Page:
Calling all professional mortgage lenders……..hard question?

Deal Score0

Hey everyone,

I just raised the limit on one of my credit cards because I was told that it would raise my credit score (things, such as debt, being equal ) based on my available credit to debt ratio. This CNN article seems to concur: http://money.cnn.com/galleries/2007/pf/0…

After telling my friend about this, whom has worked as a car salesman, he said he was always told by banks that a higher credit limit (used or un-used) would negatively affect your rate and the amount they could lend you, overall, getting a loan for a large purchase such as a house or auto.

I am in the process of eventually purchasing a house and wanted to know if having a higher credit limit would positively or negatively affect the rate and amount of this type of loan, even though it seems to have a positive effect on your FICO score. Any answers from professional mortgage finance professionals would just be icing on the cake.

Thanks in advance everyone.

7 Comments
  1. Reply
    paula d
    February 6, 2011 at 4:11 am

    It depends on how hard an underwriter looks at your credit report. Although it reduced your credit used by making your available credit larger, some will look at the total amount of credit available to you and say, “Hmmmm…if this person maxed everything out they would have $ this much debt. That’s too much.” It’s not just limited to formulas…real people actually look at this stuff and make decisions on gut feelings as well.

  2. Reply
    Wheels
    February 6, 2011 at 5:06 am

    I read Paula’s answer and she is right!! Another thing that lenders look at is how many credit cards you have. And like she said, if everything is maxed out, a lender may believe that you could be over-extended. The best policy is not to borrow money for things that you don’t need. That way, you don’t get into trouble financially.

  3. Reply
    ron d
    February 6, 2011 at 5:23 am

    The lower the credit card balance the better, so the higher the limited the lower the balance. Your month DTI is not base on how much you owe, but how much you pay out monthly.

    So a credit card with a $ 5000 limit, you DTI would only be base on the minimum payment on a balance of $ 2000(?)

    Try to keep your balance below 45%…….
    Hope that answer your question…

  4. Reply
    Cali-Gal
    February 6, 2011 at 5:44 am

    Most of the mortgage lending business is FICO driven, however investors (lenders) are more concerned on whether you have enough income to pay on any current credit obligations and the upcoming obligation of a mortgage payment. Your Fico Score along with your debt to income ratio will determine what loan program you qualify for. The higher the score and the higher the income along with a low balance of debt will certainly guaranty you the best loan program with the lowest rate. A higher credit limit can affect what the conditions that are required once an underwriter approves you for your loan. If you have a high balance owing, they may require that it be paid off through closing which would mean your funds to close would include that amount. If your balance is very low or zero and your debt to income ratio is within the guidelines of the loan program, you would not have anything to worry about.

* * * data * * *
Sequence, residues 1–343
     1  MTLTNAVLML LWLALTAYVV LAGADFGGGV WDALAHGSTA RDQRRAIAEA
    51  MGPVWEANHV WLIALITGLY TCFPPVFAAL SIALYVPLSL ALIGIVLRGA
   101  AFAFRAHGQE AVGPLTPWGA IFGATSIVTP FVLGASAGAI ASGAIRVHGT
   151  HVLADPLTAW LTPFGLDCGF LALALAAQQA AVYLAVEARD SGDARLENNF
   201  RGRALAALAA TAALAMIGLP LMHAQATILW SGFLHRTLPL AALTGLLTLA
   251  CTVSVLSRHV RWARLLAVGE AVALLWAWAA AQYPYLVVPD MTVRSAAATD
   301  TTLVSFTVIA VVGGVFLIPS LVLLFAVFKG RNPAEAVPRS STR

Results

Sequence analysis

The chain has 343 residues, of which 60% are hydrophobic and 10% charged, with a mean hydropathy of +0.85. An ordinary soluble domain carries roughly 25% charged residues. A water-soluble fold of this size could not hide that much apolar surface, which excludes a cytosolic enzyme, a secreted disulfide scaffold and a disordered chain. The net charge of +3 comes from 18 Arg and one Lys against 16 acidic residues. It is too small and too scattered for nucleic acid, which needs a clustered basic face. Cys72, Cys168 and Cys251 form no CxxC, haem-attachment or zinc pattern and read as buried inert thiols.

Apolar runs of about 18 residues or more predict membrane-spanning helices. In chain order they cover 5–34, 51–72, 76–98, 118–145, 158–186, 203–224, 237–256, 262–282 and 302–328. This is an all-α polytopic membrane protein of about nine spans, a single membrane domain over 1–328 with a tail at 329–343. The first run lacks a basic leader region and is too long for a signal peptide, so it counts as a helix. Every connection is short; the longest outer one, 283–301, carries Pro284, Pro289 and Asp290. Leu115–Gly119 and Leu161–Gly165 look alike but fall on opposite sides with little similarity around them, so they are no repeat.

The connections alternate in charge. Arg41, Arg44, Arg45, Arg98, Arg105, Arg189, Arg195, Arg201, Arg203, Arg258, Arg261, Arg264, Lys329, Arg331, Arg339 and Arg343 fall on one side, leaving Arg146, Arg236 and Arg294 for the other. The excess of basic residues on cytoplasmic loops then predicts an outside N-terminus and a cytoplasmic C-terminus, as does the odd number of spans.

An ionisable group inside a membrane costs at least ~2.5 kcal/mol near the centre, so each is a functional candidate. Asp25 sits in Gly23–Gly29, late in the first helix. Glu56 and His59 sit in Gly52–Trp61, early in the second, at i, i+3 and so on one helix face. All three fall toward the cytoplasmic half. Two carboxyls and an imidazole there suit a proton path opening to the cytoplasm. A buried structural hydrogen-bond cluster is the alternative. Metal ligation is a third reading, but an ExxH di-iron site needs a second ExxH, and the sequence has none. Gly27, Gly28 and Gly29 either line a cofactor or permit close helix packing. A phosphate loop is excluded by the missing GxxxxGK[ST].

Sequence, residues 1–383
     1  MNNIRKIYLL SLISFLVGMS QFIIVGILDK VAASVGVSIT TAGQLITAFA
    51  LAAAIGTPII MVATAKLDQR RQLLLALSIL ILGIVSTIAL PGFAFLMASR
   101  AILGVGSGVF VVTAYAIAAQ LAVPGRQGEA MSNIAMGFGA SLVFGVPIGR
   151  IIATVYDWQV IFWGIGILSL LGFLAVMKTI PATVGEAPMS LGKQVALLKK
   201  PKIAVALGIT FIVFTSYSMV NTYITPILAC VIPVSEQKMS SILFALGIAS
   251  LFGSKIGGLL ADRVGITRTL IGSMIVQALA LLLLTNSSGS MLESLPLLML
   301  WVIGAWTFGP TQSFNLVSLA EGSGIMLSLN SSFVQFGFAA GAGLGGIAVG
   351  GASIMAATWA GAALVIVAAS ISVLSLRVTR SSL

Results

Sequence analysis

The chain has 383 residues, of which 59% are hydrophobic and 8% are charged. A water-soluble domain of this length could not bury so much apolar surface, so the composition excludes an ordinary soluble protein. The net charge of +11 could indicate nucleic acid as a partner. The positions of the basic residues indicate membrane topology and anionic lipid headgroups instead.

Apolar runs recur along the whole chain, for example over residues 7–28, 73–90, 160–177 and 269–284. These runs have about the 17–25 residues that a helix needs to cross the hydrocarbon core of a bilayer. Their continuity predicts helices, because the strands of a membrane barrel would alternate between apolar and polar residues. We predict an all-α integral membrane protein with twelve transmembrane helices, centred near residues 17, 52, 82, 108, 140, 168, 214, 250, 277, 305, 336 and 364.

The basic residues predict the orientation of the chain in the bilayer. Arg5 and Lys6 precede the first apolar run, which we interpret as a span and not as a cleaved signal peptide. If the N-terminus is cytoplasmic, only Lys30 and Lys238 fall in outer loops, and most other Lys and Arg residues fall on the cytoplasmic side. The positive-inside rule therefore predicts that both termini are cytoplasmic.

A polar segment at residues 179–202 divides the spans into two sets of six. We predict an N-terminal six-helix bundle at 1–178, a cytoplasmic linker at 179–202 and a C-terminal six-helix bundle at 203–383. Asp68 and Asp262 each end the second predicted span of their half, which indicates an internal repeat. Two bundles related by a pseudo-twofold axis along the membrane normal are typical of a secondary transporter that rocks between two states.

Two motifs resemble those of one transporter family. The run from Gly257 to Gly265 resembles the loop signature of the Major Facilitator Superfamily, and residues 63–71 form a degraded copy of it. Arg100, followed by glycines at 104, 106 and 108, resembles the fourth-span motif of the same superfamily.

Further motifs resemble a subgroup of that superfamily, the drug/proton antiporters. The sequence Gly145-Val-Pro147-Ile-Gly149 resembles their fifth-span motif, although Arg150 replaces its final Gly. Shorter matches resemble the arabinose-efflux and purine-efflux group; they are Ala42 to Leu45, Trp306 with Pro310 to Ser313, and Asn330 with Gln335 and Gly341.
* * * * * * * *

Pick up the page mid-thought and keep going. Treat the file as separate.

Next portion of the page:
5. Reply
    Ender
    February 6, 2011 at 6:39 am

    i am afraid your friend is wrong. Having one or two very high credit limit cards will raise your scores. haveing many small credit cards will lower your score. also the older the card the better the score. thats why raising the limit on an older card is much wiser than opening a new higher card. also you shoudl never go over half your credit limit. that lowers your score. Things like personal loans lower your scores. Mortgages raise your score after 6 months if you are a first time byer. Car loans will lower your score when new, but after time will raise.

  6. Reply
    Yanswersmonitorsarenazis
    February 6, 2011 at 7:27 am

    Your FICO score should theoretically go up with a higher limit, and a lower usage percentage, both on that card and on overall credit availability.

    Your friend is simply wrong. Or at least he is when it comes to mortgages.

    I have yet to ever hear an underwriter express concern because there’s too much available credit. It may be handled differently by auto financing, but I doubt it, since most of that is FICO-based as well.

    My best guess is that your car salesman friend was told that, because it’s a good way to beat up a client about their credit and get them to accept a higher rate than they could’ve had otherwise. Auto dealers get yield spread premiums (back points) from the lender they sell their loans to, based on the rate charged. The higher the rate, the more they get.

    Many mortgage companies will do a similar thing, basically putting down your credit rating so you’ll feel lucky to get a loan at any price. That way, they can make another 1-2% from selling you a higher rate when they sell the loan off to the investing bank.

    It is possible, however, to have too many credit card or revolving accounts. And it’s possible to have too many that currently have balances. Both of those are “reason codes” that affect your score. But they are minor issues compared to maxing out a card, or maxing out your overall credit. Having a higher limit on your card will not be a negative unless you spend it all.

  7. Reply
    blibityblabity
    February 6, 2011 at 7:54 am

    I was a mortgage broker for 2 years, and never once had an issue with available credit affecting the loan.

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